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Page:The Works of Lord Byron (ed. Coleridge, Prothero) - Volume 3.djvu/99

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REMEMBER HIM, WHOM PASSION'S POWER.

REMEMBER HIM, WHOM PASSION'S POWER.[1]

1.

Remember him, whom Passion's power
Severely—deeply—vainly proved:
Remember thou that dangerous hour,
When neither fell, though both were loved.[2]


2.

That yielding breast, that melting eye,[3]
Too much invited to be blessed:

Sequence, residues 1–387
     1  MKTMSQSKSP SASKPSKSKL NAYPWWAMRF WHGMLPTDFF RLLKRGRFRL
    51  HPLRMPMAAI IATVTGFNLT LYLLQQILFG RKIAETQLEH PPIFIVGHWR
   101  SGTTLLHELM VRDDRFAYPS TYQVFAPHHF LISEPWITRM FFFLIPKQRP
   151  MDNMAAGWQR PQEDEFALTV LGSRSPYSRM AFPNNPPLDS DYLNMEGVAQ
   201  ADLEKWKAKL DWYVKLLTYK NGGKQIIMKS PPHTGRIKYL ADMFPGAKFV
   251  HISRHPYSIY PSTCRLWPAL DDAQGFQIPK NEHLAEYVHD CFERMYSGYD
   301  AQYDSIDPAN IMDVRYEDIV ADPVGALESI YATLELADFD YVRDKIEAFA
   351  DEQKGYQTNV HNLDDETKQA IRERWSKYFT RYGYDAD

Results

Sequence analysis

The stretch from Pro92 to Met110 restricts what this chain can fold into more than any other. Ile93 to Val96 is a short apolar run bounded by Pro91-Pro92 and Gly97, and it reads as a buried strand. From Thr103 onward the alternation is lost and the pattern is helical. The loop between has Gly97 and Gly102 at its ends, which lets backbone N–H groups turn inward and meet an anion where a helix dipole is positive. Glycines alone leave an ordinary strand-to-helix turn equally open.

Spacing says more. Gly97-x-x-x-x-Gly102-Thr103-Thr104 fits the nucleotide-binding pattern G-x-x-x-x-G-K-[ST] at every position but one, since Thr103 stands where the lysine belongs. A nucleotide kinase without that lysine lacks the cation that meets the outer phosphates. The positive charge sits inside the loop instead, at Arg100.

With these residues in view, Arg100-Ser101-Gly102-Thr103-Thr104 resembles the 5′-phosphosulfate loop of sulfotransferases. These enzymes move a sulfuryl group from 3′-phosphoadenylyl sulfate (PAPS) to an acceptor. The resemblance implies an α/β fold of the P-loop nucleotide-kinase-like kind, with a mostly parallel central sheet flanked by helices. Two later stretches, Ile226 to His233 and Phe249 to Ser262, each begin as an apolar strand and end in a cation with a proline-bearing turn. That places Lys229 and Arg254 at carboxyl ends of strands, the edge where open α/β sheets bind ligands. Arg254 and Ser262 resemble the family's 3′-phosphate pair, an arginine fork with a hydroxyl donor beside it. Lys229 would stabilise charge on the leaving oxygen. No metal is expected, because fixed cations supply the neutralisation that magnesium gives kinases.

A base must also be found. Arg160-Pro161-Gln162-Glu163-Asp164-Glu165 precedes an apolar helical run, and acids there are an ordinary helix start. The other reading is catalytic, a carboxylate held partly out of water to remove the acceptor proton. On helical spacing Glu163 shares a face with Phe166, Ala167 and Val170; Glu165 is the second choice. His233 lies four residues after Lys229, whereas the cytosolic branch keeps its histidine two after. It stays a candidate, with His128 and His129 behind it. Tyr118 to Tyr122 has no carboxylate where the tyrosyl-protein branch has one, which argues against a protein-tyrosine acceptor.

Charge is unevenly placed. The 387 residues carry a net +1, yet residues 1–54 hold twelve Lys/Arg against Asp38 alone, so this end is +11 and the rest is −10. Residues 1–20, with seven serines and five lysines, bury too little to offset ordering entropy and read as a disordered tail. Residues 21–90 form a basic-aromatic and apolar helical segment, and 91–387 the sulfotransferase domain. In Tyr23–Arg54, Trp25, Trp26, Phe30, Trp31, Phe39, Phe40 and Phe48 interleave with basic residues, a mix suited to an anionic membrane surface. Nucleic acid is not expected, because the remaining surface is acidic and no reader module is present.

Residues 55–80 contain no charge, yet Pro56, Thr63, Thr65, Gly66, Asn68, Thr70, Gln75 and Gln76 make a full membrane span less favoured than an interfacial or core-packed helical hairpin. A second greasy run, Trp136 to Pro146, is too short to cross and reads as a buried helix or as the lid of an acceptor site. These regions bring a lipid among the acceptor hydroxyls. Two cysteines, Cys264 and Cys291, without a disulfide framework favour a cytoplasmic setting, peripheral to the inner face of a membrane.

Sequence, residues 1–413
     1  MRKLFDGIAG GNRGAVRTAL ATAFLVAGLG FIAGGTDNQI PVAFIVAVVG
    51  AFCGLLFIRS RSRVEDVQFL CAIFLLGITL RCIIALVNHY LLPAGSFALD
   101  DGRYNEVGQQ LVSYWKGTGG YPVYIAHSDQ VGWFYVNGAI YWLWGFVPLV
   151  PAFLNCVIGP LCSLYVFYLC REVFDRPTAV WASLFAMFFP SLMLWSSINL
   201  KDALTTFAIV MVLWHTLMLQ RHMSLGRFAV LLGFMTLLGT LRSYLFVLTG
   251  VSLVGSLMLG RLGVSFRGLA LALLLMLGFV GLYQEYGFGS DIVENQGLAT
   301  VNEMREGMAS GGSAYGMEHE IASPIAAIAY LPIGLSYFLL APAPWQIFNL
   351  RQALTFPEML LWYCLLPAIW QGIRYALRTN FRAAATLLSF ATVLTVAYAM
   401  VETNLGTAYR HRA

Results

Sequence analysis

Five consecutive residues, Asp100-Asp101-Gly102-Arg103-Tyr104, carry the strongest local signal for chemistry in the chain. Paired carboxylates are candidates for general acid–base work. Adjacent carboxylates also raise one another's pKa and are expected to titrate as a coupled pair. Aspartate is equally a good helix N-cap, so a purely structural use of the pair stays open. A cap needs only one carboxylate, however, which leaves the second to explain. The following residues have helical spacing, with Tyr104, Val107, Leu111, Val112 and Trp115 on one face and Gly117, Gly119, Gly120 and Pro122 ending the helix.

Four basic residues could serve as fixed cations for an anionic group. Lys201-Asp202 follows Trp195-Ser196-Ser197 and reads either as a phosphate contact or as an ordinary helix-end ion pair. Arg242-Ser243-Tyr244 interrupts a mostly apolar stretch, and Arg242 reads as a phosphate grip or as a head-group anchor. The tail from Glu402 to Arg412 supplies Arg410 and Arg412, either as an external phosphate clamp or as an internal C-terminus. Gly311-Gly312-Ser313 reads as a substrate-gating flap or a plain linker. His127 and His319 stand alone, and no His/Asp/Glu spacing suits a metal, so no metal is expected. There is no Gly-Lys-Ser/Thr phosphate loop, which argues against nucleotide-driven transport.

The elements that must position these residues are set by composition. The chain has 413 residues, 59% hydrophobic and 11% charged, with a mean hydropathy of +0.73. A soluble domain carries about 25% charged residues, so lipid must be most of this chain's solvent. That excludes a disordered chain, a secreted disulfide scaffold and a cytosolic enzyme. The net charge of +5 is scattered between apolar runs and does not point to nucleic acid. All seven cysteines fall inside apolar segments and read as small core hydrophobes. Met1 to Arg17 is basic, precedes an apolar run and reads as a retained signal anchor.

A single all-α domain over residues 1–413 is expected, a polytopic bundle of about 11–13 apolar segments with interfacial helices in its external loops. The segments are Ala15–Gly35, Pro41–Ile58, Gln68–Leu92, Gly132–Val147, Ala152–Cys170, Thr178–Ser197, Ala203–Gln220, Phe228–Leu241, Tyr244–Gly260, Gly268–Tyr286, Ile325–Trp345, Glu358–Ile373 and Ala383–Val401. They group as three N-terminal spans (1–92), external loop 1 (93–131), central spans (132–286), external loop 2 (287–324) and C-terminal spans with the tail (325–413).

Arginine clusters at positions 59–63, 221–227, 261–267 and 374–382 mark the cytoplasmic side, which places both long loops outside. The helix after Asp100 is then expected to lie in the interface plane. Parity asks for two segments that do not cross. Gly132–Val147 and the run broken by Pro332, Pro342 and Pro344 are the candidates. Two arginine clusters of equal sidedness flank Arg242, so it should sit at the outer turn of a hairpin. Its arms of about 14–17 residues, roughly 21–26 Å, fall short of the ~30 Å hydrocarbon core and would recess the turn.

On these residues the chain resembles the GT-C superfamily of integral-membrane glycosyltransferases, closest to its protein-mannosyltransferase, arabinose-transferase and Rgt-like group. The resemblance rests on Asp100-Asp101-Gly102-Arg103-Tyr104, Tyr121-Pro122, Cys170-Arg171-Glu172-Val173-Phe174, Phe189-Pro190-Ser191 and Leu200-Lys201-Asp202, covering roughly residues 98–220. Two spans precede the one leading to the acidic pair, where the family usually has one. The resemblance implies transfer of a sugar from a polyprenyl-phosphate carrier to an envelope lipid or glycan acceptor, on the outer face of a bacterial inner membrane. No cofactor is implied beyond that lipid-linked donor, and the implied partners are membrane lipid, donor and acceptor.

That gentle prayer, that pleading sigh,
The wilder wish reproved, repressed.


3.

Oh! let me feel that all I lost[4]
But saved thee all that Conscience fears;
And blush for every pang it cost
To spare the vain remorse of years.


4.

Yet think of this when many a tongue,
Whose busy accents whisper blame,
Would do the heart that loved thee wrong,
And brand a nearly blighted name.[5]


  1. [It is possible that these lines, as well as the Sonnets "To Genevra," were addressed to Lady Frances Wedderburn Webster.—See Letters, 1898, ii, 2, note 1; and Letters, 1899, iii. 8, note 1.]
  2. To him who loves and her who loved.—[MS. M.]
  3. That trembling form ——.—[MS. M.]
  4. Resigning thee, alas! I lost
    Joys bought too dear, if bright with tears,
    Yet ne'er regret the pangs it cost.—[MS. M. erased.]
  5. And crush ——.—[MS. M.]